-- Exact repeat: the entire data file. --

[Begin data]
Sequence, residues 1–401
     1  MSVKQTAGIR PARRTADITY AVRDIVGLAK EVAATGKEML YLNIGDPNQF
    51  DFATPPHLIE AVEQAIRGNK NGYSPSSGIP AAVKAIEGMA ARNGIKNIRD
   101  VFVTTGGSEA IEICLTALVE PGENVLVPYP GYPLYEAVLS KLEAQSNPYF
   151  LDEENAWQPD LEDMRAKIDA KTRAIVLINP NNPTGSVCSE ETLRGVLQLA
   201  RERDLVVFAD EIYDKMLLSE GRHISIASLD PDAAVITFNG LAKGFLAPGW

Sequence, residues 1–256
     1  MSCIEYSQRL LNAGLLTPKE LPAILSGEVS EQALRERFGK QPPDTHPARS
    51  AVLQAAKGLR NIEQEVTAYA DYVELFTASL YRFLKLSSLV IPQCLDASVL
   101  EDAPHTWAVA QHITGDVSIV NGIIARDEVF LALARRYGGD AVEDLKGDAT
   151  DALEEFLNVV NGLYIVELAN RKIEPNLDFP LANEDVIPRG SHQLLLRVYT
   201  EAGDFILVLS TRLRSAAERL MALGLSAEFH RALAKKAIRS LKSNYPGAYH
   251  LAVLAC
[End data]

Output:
Sequence, residues 1–401
     1  MSVKQTAGIR PARRTADITY AVRDIVGLAK EVAATGKEML YLNIGDPNQF
    51  DFATPPHLIE AVEQAIRGNK NGYSPSSGIP AAVKAIEGMA ARNGIKNIRD
   101  VFVTTGGSEA IEICLTALVE PGENVLVPYP GYPLYEAVLS KLEAQSNPYF
   151  LDEENAWQPD LEDMRAKIDA KTRAIVLINP NNPTGSVCSE ETLRGVLQLA
   201  RERDLVVFAD EIYDKMLLSE GRHISIASLD PDAAVITFNG LAKGFLAPGW

Sequence, residues 1–256
     1  MSCIEYSQRL LNAGLLTPKE LPAILSGEVS EQALRERFGK QPPDTHPARS
    51  AVLQAAKGLR NIEQEVTAYA DYVELFTASL YRFLKLSSLV IPQCLDASVL
   101  EDAPHTWAVA QHITGDVSIV NGIIARDEVF LALARRYGGD AVEDLKGDAT
   151  DALEEFLNVV NGLYIVELAN RKIEPNLDFP LANEDVIPRG SHQLLLRVYT
   201  EAGDFILVLS TRLRSAAERL MALGLSAEFH RALAKKAIRS LKSNYPGAYH
   251  LAVLAC